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Bank of England Bail-Out, the Return of Systemic Risk

Bank of England Bail-Out, the Return of Systemic Risk

The BOE move was cheered by bond and stock markets alike, but risk appetite is retreating again this morning…

Good morning contrarians! It is Thursday, Sept. 29.

Stocks rallied yesterday after the Bank of England said it would intervene in bond markets. The central bank will buy £65 billion worth of long-dated gilts at an “urgent pace” and postpone plans for quantitative tightening. The Wall Street Journal has a good piece that gets into the quandary the BOE was in. Apparently pensions were on the hook for holding derivatives tied to interest rates.

Whatever the cause, the result was major relief in bond markets, which then spread to stocks. Twenty-nine of 30 Dow stocks finished the day higher (the one exception was Apple (AAPL 0.00%↑)) and the Dow Industrials Average escaped bear market territory with a rally of almost 2%. The gains were most dramatic in small caps, with the Russell 2000 gaining 3% on the day.

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State of Play

As of 0620 it looks like risk appetite has receded again:

  • Stock futures are pointing to losses at the open, with the Nasdaq down 1.3% and S&P 500 down 1%;

  • Selling has returned to the bond market as well, with the 2-year yield up 12 basis points to 4.21% whilst the 10-year is up 13bps to 3.84% (yields move inversely to prices);

  • Cryptos are gaining ground however, with Bitcoin up 4% to trade around $19,400;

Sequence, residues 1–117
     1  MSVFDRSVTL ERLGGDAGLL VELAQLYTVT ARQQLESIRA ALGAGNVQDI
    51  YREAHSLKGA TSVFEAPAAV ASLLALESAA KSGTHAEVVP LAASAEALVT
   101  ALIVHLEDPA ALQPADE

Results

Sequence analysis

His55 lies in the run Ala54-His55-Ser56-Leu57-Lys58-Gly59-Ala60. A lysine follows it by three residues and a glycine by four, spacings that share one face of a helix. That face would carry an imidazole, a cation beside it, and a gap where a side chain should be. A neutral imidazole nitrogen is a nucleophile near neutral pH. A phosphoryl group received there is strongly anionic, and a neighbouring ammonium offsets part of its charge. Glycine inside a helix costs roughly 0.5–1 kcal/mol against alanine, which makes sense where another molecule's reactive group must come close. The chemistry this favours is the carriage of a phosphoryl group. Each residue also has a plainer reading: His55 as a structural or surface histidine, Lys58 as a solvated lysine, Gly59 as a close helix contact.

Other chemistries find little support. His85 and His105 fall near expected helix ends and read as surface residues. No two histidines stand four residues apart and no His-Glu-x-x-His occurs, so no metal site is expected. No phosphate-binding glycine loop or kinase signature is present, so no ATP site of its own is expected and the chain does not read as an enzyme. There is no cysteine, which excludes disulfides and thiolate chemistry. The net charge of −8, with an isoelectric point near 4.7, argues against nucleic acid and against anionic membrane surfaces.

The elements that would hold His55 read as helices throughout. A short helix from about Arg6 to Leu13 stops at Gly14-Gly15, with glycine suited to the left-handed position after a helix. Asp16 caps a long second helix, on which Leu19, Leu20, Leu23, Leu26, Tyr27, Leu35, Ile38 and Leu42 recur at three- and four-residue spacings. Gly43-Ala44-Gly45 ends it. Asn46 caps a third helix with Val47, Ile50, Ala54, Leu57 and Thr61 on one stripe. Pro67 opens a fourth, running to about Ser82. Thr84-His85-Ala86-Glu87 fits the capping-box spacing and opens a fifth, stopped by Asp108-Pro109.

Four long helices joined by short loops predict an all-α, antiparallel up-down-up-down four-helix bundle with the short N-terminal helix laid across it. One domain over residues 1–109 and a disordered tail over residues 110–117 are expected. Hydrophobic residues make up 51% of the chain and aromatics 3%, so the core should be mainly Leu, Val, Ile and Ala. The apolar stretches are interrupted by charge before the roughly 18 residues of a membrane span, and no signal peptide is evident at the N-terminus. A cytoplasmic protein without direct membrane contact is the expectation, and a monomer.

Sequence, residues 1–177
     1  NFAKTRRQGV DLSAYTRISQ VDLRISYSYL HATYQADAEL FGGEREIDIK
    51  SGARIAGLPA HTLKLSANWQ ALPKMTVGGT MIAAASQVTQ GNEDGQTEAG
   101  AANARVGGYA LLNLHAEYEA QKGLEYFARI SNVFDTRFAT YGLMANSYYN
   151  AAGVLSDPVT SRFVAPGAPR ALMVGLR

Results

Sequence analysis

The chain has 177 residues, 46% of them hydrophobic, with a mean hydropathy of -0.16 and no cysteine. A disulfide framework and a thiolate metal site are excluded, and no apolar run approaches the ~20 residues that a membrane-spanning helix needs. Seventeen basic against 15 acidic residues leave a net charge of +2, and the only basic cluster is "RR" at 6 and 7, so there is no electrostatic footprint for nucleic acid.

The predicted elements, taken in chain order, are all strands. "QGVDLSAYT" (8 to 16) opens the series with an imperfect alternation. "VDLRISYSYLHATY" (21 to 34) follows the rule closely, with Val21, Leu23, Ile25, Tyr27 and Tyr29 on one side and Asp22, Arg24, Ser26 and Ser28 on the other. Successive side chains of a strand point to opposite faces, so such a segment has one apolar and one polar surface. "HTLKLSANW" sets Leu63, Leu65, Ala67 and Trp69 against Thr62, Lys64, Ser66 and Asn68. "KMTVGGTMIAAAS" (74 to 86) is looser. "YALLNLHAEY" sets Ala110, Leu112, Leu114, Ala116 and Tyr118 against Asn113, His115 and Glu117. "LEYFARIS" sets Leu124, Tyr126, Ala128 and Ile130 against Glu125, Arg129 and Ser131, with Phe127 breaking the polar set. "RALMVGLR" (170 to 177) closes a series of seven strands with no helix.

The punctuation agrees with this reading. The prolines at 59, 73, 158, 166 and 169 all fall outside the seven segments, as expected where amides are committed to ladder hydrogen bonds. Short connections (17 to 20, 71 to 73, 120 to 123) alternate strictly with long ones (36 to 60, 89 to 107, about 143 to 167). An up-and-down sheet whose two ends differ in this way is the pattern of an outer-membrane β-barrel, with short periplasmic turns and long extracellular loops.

• Commodities are moving a bit higher, with WTI crude oil up 0.5% to trade around $82.50/barrel. Copper is up 1.4%.


It’s a pretty big day for earnings, with Bed Bath & Beyond (BBBY 0.00%↑), Rite Aid (RAD 0.00%↑), and CarMax (KMX 0.00%↑) all reporting before the open at 0930. Later we’ll hear from Micron (MU 0.00%↑) and Nike (NKE 0.00%↑).


It’s Thursday so we’ll get initial jobless claims at 0830. Economists surveyed expect 215,000 new claims, roughly in line with last week’s 213,000 and nowhere near the level that would indicate a slowing labor market.

We also have another GDP report that can be safely ignored. If people can’t decide whether GDP prints define recessions then there really isn’t any point to pay attention anyway. It’s just another revision anyway.

Cleveland Fed President Loretta Mester speaks at an event on inflation at 1300 that will apparently be broadcast live.

The Bottom Line©

The BOE move was cheered by markets but it does raise questions. If pensions are behaving like hedge funds by betting large amounts of money on esoteric (and illiquid) interest rate swaps, then that would certainly introduce a level of systemic risk to the system.

If all that sounds familiar, it’s because it’s exactly what almost brought down the whole financial system in 2008. Except then it was banks trading these things, not pensions. (Okay, strictly speaking they were different instruments. But whatever, they were still derivatives). They say regulators are always guilty of fighting the last war. Well, bank balance sheets are pretty clean these days. But pensions? Does anybody know what they’re even holding? And who are the counterparties?

The derivatives in question appear to be liability-driven investments, or LDIs. The size of this market? About $1.5 trillion (not a typo). This raises the very obvious question of what other pension funds in what parts of the world are trading these things.

We’ve cautioned for some time that once the whole market starts rolling over it could unearth problems that nobody had been anticipating. This is typical of market shifts of this size. Well here we go. So nice little bounce yesterday. But it would be pretty naive to think this issue is resolved and we can live happily ever after.

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